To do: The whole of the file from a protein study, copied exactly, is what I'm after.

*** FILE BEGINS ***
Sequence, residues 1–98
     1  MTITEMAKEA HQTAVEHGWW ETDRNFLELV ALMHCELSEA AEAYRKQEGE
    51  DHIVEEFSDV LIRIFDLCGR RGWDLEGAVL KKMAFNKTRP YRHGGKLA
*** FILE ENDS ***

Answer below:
Sequence, residues 1–98
     1  MTITEMAKEA HQTAVEHGWW ETDRNFLELV ALMHCELSEA AEAYRKQEGE
    51  DHIVEEFSDV LIRIFDLCGR RGWDLEGAVL KKMAFNKTRP YRHGGKLA